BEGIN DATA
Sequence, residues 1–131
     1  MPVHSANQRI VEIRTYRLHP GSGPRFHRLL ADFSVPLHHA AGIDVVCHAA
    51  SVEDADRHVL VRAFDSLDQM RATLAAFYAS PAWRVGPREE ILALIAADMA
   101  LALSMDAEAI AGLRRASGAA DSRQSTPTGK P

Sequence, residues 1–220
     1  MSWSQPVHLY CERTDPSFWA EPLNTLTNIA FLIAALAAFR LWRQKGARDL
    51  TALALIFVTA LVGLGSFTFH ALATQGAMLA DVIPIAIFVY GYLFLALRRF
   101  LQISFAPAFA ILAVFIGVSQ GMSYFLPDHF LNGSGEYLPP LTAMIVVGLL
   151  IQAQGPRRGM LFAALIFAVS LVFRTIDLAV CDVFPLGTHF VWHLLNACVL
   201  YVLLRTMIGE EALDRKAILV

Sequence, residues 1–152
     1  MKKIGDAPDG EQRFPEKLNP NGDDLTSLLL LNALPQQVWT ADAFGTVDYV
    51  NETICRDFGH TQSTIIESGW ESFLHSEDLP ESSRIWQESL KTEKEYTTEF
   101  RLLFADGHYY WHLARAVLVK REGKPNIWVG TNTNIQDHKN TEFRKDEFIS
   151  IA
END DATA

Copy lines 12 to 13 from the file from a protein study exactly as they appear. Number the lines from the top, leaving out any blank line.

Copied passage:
     1  MKKIGDAPDG EQRFPEKLNP NGDDLTSLLL LNALPQQVWT ADAFGTVDYV
    51  NETICRDFGH TQSTIIESGW ESFLHSEDLP ESSRIWQESL KTEKEYTTEF